Dyslexia: health, literacy and libraries

Session 11 (MC/MLA Update):  Margery Katz, MA, JD; Julie A. Gocey, MD

I had the honor of attending this thought-provoking session on Sunday afternoon.  Dr. Gocey started things off by having everyone stand and then asking us to sit down as we responded “yes” to whether we knew an immediate family member affected by dyslexia, a classmate or friend, and finally anyone in our lives.  I was in the middle group, and of course, by the 3rd question, everyone was sitting down.

Some facts:

  • Dyslexia is a term for an unexpected difficulty learning to read (and relatedly, write and spell).
  • ~1 in 5 people have some level of dyslexia (from mild to severe).
  • MRIs show that people affected by dyslexia are unable to use certain key areas of the brain, but they also show neurobiological changes and improvements that can happen with educational treatment.
  • NICHD definition: deficit in phonological component of language, unexpected in relation to other cognitive abilities.
  • What dyslexia is not: reading backwards, a symptom of lower IQ, a life sentence of lower achievement.
  • Untreated dyslexia, however, can result in: poor reading comprehension, poor reading experiences, less vocabulary, and less background knowledge (that would normally be picked up from reading).
  • What is needed to help treat dyslexia is evidence-based reading instruction; often referred to as multi-sensory structured reading instruction.

Dr. Gocey and Margery Katz called on us to all work together, to support early detection, promote adult screening, provide equal access, and to coordinate support from clinics, hospitals, schools, and libraries.  They mentioned that physicians are not routinely trained to identify dyslexia, and that screening is not standardized.  In fact, the lack of access to (as well as insurance coverage for) testing is itself a barrier.  Two bills related to these issues were brought up to the state legislature, and while they both died, there was the positive fact that they got some coverage and conversations did start around the topic.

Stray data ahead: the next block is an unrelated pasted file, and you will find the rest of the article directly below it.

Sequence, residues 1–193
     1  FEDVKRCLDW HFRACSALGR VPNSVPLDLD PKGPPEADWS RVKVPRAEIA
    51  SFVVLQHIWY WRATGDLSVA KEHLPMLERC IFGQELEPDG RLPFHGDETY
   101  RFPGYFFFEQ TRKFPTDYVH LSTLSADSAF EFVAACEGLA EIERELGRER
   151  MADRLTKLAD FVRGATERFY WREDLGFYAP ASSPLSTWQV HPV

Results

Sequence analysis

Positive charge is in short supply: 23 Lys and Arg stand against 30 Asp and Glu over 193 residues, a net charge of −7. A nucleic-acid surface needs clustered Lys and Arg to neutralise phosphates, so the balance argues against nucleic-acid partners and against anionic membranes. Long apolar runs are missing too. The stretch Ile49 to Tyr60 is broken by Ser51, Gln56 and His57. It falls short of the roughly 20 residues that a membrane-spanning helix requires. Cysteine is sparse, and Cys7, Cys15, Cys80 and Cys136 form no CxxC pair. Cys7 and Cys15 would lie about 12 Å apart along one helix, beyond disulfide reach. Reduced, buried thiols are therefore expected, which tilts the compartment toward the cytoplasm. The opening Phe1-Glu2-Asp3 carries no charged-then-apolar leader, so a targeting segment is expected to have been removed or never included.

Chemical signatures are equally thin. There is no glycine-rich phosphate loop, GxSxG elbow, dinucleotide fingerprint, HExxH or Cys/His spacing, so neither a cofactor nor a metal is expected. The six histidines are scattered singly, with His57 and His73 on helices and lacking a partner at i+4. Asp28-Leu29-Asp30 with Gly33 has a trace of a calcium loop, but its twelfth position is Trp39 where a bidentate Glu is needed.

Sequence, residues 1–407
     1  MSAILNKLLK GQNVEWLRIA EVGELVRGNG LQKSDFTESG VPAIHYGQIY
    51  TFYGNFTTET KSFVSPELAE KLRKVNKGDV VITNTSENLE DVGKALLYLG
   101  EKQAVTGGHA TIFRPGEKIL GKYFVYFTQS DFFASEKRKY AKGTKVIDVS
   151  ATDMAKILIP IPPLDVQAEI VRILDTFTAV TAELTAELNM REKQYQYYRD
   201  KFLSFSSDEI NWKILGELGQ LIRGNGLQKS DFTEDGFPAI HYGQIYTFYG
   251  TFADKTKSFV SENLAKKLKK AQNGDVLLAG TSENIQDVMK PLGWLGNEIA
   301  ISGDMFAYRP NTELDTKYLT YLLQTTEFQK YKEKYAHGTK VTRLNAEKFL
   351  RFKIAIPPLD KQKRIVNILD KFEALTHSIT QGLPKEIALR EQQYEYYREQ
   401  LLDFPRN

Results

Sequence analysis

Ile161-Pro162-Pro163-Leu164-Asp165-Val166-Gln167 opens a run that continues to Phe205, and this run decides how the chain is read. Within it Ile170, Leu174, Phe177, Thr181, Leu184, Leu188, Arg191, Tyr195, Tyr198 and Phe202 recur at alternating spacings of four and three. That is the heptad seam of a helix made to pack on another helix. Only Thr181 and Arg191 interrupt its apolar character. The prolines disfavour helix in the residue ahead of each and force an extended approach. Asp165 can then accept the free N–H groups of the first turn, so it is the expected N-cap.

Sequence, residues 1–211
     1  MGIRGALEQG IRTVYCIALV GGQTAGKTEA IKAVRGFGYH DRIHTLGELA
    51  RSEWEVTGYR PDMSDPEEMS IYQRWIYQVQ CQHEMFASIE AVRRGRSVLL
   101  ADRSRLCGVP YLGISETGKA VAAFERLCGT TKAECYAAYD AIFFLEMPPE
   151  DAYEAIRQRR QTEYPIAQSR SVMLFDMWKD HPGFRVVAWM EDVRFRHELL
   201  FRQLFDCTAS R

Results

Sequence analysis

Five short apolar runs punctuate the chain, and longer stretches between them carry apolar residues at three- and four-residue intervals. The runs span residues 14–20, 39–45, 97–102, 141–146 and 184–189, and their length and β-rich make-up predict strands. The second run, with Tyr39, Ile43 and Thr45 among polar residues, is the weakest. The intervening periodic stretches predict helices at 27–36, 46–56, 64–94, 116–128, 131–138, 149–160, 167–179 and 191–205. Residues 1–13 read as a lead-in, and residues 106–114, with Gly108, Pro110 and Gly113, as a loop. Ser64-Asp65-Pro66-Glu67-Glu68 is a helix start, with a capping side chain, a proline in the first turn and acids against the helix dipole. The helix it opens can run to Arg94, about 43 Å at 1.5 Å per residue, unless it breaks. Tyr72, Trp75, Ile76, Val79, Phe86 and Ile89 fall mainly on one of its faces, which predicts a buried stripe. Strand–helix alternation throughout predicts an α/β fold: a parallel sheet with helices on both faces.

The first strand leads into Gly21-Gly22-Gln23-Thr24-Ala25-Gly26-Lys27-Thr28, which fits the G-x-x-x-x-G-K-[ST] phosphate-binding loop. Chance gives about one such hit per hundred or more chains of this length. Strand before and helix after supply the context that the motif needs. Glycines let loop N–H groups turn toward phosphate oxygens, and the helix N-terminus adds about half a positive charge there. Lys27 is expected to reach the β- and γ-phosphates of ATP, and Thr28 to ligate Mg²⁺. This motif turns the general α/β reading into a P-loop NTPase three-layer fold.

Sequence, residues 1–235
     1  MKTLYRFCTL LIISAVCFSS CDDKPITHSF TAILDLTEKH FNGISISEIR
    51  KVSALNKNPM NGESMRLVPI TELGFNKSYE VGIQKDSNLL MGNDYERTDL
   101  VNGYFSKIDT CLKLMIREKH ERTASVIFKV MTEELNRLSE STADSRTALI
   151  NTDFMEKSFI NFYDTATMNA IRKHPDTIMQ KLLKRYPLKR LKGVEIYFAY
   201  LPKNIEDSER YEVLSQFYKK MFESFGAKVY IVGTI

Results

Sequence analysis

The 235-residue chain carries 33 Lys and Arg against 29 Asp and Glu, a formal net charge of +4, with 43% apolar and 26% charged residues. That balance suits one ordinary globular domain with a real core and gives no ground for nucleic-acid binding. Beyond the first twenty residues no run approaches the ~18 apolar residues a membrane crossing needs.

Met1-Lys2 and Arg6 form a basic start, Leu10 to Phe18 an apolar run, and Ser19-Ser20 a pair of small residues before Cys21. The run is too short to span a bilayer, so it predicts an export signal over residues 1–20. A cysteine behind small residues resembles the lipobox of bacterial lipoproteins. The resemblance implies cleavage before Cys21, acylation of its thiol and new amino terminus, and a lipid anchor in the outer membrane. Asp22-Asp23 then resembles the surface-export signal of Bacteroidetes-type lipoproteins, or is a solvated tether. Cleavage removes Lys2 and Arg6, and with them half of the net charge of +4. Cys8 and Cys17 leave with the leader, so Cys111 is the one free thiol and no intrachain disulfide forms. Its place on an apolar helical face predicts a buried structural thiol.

The results they presented on a librarian survey were perhaps not surprising, although one may have hoped otherwise: just like the general public, librarians show a disconnect in their knowledge of dyslexia.  In addition, most library resources dedicated to disabilities focus on “brick & mortar” problems like building ramps and providing resources for the blind.  This is certainly not a bad thing, but libraries and librarians are missing a big piece of the problem when they don’t address, in addition, reading disabilities (which is, perhaps, ironic).

I went to this session to learn more about a topic I knew little about, and I was not disappointed.  In fact, there was so much information, I wasn’t able to keep up in my notes!  Fortunately for both me and you, the wonderful slides have been posted.  Check them out for lots of links to great resources!

The Resource Library as Host for an eResources Consortium

Neal’s session provided an in-depth look at an e-resources consortium that began a decade ago, and still exists (albeit in a changed form) today.

Session 9 – Neal Nixon

Neal’s session provided an in-depth look at an e-resources consortium that began a decade ago, and still exists (albeit in a changed form) today.

Presenting on an e-Resources Consortium